3/10 | 28.Aug.12
Auf der anderen Seite | The Edge of Heaven
DIRECTOR: Fatih Akin | WRITER: Fatih Akin | CAST: Baki Davrak, Nurgül Yesilçay, Hanna Schygulla, Tuncel Kurtiz, Patrycia Ziolkowska, Nursel Köse | Germany
I haven’t seen a movie as exasperating as The Edge of Heaven in I can’t remember how long. If it were a shoddily made unserious film about nonsense it wouldn’t matter, but although screenwriter-director Fatih Akin had the germ of a good idea and obviously the budget and cast to make a quality film, he should have handed the writing and directing tasks to others since he clearly was not up to either. The movie is about missed connections, making mistakes, muddling through, and Akin structures it as two parallel plots with such significant links and overlapping characters that they actually form a unified plot that we can see but the characters cannot. A skilled screenwriter and director could make that structure work, but Akin piles outlandish coincidence on contrived set up on cliché over and over again to a point beyond absurdity — crummy television sketch comedy isn’t as contrived.
And talk about Chekhov’s gun! Chekhov’s famous dictum (well, comment anyway) about the conservation of detail — don’t introduce a gun into Act 1 if it’s not going to be fired by Act 3 — seems to have been taken as a rule for plot construction by Akin. Literally. A gun is introduced and a gun is used. Renowned movie critic Roger Ebert concedes that there are problems with the plot* when he says that “[t]he best approach is to begin with the characters, because the wonderful, sad, touching ‘The Edge of Heaven’ is more about its characters than about its story.” But the characters aren’t in themselves particularly interesting or complex and, in fact, seem to be needed mechanistically to further the plot along: these are not people who inhabit a real world outside the confines of this film.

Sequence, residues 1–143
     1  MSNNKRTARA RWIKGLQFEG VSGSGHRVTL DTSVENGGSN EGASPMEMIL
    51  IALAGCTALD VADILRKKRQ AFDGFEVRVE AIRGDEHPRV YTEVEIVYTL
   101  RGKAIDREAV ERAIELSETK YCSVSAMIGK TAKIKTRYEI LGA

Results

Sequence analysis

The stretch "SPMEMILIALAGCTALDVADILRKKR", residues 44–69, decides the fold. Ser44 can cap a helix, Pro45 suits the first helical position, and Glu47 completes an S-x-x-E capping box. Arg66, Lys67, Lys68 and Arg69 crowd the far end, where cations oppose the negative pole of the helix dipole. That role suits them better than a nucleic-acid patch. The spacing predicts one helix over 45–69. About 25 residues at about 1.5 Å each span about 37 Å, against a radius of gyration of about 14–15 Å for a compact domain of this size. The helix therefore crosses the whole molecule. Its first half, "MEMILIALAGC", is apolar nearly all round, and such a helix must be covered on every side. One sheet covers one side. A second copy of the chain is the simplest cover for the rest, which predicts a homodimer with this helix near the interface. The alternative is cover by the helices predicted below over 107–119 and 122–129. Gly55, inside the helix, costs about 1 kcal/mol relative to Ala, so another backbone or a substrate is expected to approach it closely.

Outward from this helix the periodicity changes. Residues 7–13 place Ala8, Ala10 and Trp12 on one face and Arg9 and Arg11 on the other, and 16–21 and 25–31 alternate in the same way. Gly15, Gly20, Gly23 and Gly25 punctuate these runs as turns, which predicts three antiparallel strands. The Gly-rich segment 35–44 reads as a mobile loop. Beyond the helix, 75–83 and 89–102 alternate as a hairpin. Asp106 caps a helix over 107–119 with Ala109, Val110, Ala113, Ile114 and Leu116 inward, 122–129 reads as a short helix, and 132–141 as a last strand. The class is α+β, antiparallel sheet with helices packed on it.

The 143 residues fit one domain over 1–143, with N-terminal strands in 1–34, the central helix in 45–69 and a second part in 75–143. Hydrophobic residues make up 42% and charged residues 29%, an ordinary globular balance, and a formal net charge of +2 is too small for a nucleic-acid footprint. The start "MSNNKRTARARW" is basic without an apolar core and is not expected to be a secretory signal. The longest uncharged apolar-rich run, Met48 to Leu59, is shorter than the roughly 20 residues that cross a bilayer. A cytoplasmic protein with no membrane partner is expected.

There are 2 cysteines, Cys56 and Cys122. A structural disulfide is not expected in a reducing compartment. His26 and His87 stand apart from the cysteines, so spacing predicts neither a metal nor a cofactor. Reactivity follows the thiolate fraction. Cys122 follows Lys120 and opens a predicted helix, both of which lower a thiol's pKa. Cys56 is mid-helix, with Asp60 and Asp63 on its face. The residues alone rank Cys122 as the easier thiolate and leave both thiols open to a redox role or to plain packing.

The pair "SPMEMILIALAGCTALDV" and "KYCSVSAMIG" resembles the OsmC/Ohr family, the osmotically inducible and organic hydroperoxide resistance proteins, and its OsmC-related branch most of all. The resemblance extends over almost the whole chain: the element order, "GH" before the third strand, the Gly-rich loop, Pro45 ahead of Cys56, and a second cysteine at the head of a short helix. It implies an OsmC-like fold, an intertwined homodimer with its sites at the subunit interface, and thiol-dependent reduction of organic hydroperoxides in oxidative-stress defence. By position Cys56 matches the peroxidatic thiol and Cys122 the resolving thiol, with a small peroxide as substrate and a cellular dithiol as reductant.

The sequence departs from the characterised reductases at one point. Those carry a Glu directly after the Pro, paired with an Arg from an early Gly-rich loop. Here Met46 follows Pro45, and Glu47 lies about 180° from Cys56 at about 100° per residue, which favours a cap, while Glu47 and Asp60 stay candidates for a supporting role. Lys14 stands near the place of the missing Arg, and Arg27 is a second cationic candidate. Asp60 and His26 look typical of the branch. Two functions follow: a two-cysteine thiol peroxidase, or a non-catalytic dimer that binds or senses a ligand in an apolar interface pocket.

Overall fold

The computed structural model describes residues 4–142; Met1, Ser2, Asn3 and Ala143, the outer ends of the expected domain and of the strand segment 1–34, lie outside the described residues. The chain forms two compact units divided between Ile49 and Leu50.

Akin has even less skill as a director. Scenes are awkwardly blocked and whenever you sense that care was taken in composing a shot it looks forced and, well, contrived. And the entire opening sequence of the film is repeated shortly before the end. That’s it: it’s repeated without any variation, without any additions, and without any real added value to the audience aside from knowing who the character is now, but our appreciation of the scene (he gets his car filled and buys a sandwich and a drink at a roadside gas station) is not heightened nor does seeing it again shed new light on the preceding almost 2 hours. The acting is perfectly ordinary for the most part with only Nursel Köse managing to make her character — a middle aged Turkish immigrant in Germany who works as a prostitute — into a believable human being rather than a type. Hanna Schygulla’s reputation as a magnificent screen actor eluded me yet again: she’s as placid and dull as ever in a part that needn’t have been either.
*Ebert actually writes this in his review: “Mere plot points are meaningless.” So I guess it doesn’t matter when he tells us that we’re introduced to a major character at a point about 40 minutes into the film when, in fact, the very first scene in the movie is focused on that character, and he appears in scene after scene following it. Was Ebert in and out of the room while the first half of the movie was playing?